Much of our work against meshing this year has involved our Anti-meshing Detection System and we’re continuing to see a marked decline in incidents. Countering meshing is not over and, whilst cases remain low and will continue to decrease, we incorporate other methods in the battle including: Fixing mesh method exploits (the ways in which players get in), utilising Level Design to fill in holes or unintended building locations and, enforcement against offending players.
We’ve spent a fair bit of time talking about Mesh Detection, fixing exploits, and enforcement this year, so let’s spend some time talking about the level design aspect.
By Level Design, what we’re literally referring to in the case of meshing is holes & unintended playable areas. Once a map/game has been shipped, holes and missed locations (along with bugs/exploits) are going to be found by the sheer number of players that are now playing. It’s the nature of the beast, in our game, and others. Ideally, all of these locations would be found during our QA process but it wasn’t the case, so we circle back, and have our Level Designers iterate on them aka fill them in via our live game updates.
Our approach to fixing holes/unintended playable areas is simply to fix them as quickly as possible. This is because we have concerns about players seeking an advantage over others by exploiting these locations and using them to detrimentally affect another player’s experience through illegitimate gameplay (i.e meshing/unraidable bases). We understand that due to the pace of our method some well-meaning players may be unintentionally affected due to not knowing that the spot was illegitimate but our focus is to prevent malicious players from gaining an unfair advantage by using these locations.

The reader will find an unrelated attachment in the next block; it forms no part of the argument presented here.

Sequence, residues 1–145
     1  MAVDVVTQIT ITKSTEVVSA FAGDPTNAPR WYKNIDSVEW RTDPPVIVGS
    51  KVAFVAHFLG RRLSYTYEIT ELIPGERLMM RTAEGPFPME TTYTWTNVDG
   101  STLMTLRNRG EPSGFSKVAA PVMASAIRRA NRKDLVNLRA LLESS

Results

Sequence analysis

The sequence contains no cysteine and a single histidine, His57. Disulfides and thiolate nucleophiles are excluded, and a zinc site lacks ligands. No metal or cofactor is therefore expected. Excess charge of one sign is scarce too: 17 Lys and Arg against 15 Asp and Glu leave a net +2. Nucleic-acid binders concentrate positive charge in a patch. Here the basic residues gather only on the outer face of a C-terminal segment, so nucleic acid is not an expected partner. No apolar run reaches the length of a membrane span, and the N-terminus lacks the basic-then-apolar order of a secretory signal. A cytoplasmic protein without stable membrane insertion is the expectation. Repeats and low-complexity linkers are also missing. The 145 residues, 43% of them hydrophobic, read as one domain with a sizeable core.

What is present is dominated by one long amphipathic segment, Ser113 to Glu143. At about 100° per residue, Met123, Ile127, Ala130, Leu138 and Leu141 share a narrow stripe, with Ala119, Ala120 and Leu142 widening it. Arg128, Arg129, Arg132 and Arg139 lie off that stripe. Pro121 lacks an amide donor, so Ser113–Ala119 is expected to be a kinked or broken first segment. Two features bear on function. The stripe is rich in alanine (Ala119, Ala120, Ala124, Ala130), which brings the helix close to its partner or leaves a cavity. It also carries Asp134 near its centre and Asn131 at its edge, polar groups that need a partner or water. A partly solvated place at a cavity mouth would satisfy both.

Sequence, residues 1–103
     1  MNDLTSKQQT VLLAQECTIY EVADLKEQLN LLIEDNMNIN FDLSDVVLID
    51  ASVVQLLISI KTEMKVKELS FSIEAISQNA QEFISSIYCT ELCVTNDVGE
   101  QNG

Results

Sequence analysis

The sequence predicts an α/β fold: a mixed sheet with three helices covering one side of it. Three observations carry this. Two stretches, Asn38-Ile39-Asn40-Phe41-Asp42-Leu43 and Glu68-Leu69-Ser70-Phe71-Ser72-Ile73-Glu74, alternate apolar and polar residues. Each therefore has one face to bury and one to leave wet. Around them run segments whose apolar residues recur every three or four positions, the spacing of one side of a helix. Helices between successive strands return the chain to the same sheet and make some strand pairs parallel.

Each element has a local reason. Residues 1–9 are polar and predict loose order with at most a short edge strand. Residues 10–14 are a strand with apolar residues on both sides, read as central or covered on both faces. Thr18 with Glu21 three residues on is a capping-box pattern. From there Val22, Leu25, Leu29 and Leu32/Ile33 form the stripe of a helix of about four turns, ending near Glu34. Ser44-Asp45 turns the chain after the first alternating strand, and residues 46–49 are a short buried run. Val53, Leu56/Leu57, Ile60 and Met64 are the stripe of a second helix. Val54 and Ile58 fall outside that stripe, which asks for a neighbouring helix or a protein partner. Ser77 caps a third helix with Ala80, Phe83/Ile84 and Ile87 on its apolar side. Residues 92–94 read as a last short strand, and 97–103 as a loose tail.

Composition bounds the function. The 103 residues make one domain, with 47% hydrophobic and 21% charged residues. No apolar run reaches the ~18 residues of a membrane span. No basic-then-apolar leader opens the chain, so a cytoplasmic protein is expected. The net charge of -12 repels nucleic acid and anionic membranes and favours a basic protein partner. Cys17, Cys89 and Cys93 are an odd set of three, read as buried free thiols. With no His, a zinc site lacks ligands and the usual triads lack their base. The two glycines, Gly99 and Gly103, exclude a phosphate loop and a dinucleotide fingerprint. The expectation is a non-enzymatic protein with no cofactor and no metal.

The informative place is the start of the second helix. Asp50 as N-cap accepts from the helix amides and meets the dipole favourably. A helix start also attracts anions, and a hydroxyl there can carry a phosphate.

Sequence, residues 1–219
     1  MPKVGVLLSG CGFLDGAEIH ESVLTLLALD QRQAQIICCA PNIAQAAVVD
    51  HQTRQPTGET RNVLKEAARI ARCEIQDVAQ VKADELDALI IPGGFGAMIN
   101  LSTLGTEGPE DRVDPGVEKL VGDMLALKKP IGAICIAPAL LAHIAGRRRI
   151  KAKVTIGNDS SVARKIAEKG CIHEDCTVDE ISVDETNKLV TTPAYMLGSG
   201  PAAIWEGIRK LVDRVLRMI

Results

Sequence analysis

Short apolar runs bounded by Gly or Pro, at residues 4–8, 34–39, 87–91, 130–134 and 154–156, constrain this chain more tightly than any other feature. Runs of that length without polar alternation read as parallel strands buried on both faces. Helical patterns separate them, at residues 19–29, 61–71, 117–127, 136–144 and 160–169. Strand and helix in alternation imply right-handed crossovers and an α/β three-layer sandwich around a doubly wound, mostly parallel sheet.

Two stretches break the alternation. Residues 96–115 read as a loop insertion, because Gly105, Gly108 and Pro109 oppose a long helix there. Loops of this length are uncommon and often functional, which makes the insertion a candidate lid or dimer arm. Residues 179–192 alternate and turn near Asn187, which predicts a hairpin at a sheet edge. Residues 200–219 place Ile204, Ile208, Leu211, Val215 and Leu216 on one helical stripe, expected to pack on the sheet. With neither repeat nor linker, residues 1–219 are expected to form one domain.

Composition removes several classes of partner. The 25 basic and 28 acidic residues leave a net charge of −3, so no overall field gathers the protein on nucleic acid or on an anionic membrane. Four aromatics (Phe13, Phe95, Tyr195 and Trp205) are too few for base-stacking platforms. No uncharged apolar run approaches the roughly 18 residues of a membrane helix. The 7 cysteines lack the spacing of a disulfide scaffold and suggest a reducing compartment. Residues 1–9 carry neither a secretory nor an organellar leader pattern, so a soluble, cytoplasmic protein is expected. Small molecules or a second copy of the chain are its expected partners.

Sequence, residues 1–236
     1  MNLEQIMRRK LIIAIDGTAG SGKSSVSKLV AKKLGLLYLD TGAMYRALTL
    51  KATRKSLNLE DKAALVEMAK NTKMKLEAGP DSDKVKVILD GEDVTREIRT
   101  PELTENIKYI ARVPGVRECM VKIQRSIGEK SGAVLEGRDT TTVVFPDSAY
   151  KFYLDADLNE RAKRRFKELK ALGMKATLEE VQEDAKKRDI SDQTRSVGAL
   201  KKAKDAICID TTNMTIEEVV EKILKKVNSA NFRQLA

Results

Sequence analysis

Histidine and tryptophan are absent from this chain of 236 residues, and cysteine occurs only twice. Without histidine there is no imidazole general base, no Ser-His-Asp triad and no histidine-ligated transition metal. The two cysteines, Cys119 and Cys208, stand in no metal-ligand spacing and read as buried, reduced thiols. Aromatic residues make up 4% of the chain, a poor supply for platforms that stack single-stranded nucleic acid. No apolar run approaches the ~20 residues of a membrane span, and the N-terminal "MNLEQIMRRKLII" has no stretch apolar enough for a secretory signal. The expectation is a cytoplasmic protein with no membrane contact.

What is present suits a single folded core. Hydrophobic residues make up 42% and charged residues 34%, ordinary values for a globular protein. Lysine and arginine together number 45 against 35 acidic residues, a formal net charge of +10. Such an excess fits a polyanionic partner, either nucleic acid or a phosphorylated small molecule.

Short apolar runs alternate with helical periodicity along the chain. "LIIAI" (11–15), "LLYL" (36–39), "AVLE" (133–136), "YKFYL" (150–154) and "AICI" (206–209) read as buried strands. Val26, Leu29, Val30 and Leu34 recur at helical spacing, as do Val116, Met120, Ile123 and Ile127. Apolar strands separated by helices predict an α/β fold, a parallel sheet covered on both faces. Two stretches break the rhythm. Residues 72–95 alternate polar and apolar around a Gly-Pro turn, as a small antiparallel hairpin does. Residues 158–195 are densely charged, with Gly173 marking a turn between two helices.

During the development of The Island, and possibly some other maps, we have given visual indicators indicating that these parts of the map were going to change. The reason behind the differences in the processes was due to the fact we were continuing to develop and design those maps. Entire regions or biomes were being changed, and these changes were going to have a large impact on the majority of players on those maps, which is very different from filling holes and preventing unintended playable areas from being accessed.
Whilst we’re sympathetic to players who felt they may be in a legit spot because, say, X dino could fly inside it, the damage players could do to other tribes with public notification, shared locations, and, warning of an incoming fix to an unintended and, frankly, OP location would impact more players negatively than those impacted by building in one of these locations.